“A Life on Our Planet”: Attenborough’s powerful witness statement

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Photo courtesy of Netflix

With a career spanning seven decades, a myriad of academic, national and entertainment awards and 20 species bearing his name, Sir David Attenborough is easily one of the most trusted and beloved figures in documentary television. His iconic voiceover narrations defined an entire genre of film and television, bringing anthropomorphic charm to a vast array of life. 

In his latest film, “David Attenborough: A Life on Our Planet,” which debuted on Netflix on Oct. 4, Attenborough draws on 93 years of life experience to give his witness, his statement and his call to action for the future. 

When Attenborough was a child, there were only 2.3 billion people on the planet. In 1937, when Attenborough was 11 years old, 66% of earth’s wilderness was still intact and the carbon in the atmosphere was at 280 parts per million. In just one lifetime, he has watched the population increase by nearly 240%. In 2020, the world population has reached 7.8 billion, carbon is up to 415 parts per million and only 35% of earth’s wilderness remains. In less than 100 years, humanity has significantly altered the natural world at a dangerously high cost. 

“A Life on Our Planet” tracks the decline of our world’s natural places using Attenborough’s own career. By 1960, just six years after Attenborough’s first documentary series, only 62% of earth’s wilderness remained and many species were quickly becoming endangered. 

Although our rapid increase in carbon emissions and destruction of wilderness in the past century is cause for alarm, what scientists predict for the future is far worse. 

According to the film, our current trajectory will lead to the near-total destruction of the Amazon rainforest and complete seasonal loss of the polar ice caps by the 2030s. Without rainforests, which absorb much of the carbon in our atmosphere, the greenhouse effect continues to trap heat. Ice caps, which reflect the sun’s rays back into space, play a major part in cooling the ocean. Without their reflection, the ocean continues to warm.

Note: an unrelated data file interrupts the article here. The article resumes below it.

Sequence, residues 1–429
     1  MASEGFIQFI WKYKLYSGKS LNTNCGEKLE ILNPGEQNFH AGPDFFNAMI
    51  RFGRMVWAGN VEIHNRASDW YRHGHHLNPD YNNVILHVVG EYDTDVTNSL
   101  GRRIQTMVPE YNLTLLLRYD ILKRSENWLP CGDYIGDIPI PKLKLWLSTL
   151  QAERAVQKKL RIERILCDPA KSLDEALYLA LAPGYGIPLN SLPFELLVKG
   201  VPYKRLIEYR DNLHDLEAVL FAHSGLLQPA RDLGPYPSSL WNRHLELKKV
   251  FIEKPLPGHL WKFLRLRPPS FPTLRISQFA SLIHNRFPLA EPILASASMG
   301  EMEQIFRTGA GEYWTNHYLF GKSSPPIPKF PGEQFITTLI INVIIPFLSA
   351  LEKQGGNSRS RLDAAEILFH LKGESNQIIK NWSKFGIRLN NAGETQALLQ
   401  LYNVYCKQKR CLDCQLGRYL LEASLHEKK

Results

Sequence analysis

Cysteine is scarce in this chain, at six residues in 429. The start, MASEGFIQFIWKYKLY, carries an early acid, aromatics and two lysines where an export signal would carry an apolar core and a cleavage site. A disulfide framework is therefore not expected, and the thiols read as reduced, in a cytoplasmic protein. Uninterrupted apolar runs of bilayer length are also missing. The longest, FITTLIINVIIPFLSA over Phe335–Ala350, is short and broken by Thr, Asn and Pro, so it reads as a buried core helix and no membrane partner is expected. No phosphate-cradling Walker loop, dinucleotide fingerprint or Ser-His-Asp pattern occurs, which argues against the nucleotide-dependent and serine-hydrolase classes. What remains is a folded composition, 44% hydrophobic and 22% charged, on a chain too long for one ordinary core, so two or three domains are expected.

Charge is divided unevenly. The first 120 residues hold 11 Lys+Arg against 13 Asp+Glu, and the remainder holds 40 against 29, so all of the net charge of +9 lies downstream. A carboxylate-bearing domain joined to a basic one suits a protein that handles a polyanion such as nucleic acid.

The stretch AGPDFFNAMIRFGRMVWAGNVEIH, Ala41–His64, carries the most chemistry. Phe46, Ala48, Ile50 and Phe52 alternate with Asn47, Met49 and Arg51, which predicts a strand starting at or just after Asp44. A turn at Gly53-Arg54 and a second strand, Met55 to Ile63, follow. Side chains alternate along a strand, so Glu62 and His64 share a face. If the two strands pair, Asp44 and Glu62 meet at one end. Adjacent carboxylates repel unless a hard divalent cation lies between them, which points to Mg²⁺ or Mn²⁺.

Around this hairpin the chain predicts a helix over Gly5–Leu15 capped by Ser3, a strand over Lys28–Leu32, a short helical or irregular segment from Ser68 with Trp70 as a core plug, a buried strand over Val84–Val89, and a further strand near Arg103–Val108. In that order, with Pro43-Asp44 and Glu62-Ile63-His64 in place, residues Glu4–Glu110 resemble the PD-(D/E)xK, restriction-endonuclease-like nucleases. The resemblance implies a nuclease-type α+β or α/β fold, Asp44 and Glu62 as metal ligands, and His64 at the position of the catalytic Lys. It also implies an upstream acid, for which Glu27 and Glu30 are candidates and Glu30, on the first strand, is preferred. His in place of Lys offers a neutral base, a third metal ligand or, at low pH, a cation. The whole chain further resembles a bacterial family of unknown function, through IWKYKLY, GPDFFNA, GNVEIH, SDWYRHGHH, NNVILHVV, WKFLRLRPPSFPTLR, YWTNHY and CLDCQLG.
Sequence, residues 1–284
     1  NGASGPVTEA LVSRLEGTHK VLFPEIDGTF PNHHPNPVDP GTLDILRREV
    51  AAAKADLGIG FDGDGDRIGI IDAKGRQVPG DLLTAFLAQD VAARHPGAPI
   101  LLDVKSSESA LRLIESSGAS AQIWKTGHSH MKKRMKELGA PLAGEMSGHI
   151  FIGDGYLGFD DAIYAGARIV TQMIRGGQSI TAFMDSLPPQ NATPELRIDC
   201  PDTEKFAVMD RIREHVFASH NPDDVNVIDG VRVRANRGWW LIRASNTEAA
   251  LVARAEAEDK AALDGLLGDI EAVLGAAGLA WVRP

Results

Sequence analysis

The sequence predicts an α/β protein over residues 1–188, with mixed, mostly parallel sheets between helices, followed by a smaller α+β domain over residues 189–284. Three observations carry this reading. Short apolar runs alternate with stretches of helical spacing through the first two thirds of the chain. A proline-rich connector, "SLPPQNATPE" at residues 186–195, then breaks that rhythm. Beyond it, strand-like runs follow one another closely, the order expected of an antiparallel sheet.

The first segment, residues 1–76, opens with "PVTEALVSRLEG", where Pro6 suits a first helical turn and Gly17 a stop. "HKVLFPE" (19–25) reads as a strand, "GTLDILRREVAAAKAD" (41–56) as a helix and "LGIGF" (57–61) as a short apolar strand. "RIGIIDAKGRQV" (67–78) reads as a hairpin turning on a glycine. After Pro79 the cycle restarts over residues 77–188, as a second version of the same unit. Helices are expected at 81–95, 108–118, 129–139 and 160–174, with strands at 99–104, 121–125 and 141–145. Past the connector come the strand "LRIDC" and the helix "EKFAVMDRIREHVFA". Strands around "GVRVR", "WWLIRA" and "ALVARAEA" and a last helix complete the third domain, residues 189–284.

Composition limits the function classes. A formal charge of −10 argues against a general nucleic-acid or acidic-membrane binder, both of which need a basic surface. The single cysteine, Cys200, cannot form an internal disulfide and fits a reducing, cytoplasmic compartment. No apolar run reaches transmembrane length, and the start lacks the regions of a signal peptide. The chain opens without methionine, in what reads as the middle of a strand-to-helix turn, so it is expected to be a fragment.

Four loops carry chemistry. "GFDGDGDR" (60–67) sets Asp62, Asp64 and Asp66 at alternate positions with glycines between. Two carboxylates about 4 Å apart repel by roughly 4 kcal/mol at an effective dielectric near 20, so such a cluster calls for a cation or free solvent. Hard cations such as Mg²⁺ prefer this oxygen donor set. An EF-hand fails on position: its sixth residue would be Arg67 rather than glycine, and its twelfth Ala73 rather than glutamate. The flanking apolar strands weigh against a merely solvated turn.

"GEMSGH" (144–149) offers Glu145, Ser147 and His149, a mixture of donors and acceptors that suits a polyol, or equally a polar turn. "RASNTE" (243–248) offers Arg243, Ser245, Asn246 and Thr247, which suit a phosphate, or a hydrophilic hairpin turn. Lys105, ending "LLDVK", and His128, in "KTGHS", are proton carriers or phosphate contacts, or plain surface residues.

By the 2040s, arctic permafrost will begin to thaw, releasing methane gas into the atmosphere and again drastically accelerating the rate of global warming. By the 2050s, coral reefs will have died, wiping out most fish populations. By 2100, our planet will have grown warmer by four degrees Celsius, or about 7.2 degrees Fahrenheit, leaving large parts of the earth uninhabitable. 

These events, if allowed to occur, will result in the sixth mass extinction event of our planet’s 4.5 billion year history. 

This prediction is grim, but it, and other similar predictions from climate scientists, are backed by decades of research across multiple fields. Attenborough’s film does not shy away from the severity of the climate crisis we have created, but hope is not lost. 

Attenborough reminds us that this future is not yet set in stone. We are at a crossroads. And although the U.S. has done little to contribute to climate justice, many nations have begun to make real changes to their consumption practices. 

Morocco has become almost entirely dependent on solar energy and may soon be able to become a major exporter of solar power to Europe and Africa. Many island nations have created no-fish zones around reef areas, allowing both fish populations and the fishing industry to boom. Ethical consumption and renewable energy are accessible and cost-effective. All we need to do to join our world community in the fight for climate justice is accept the facts and put forth a little effort towards ecologically conscious behaviors.

What the film leaves out, much to its benefit, is any mention of politics. For Attenborough and other scientists, climate change is anything but political. 

In America’s highly politicized social culture, this is an important reminder. Though science and politics are often intertwined, the existence of the climate crisis and our necessary response is not a matter of partisan agendas. The facts of climate change are clear, and climate justice is a human issue, not a political one. But now that we know, we must act. 

“David Attenborough: A Life on Our Planet” leaves its audience with one final reminder: our planet will heal itself, with or without us. But our actions will determine whether humanity will continue to exist. 

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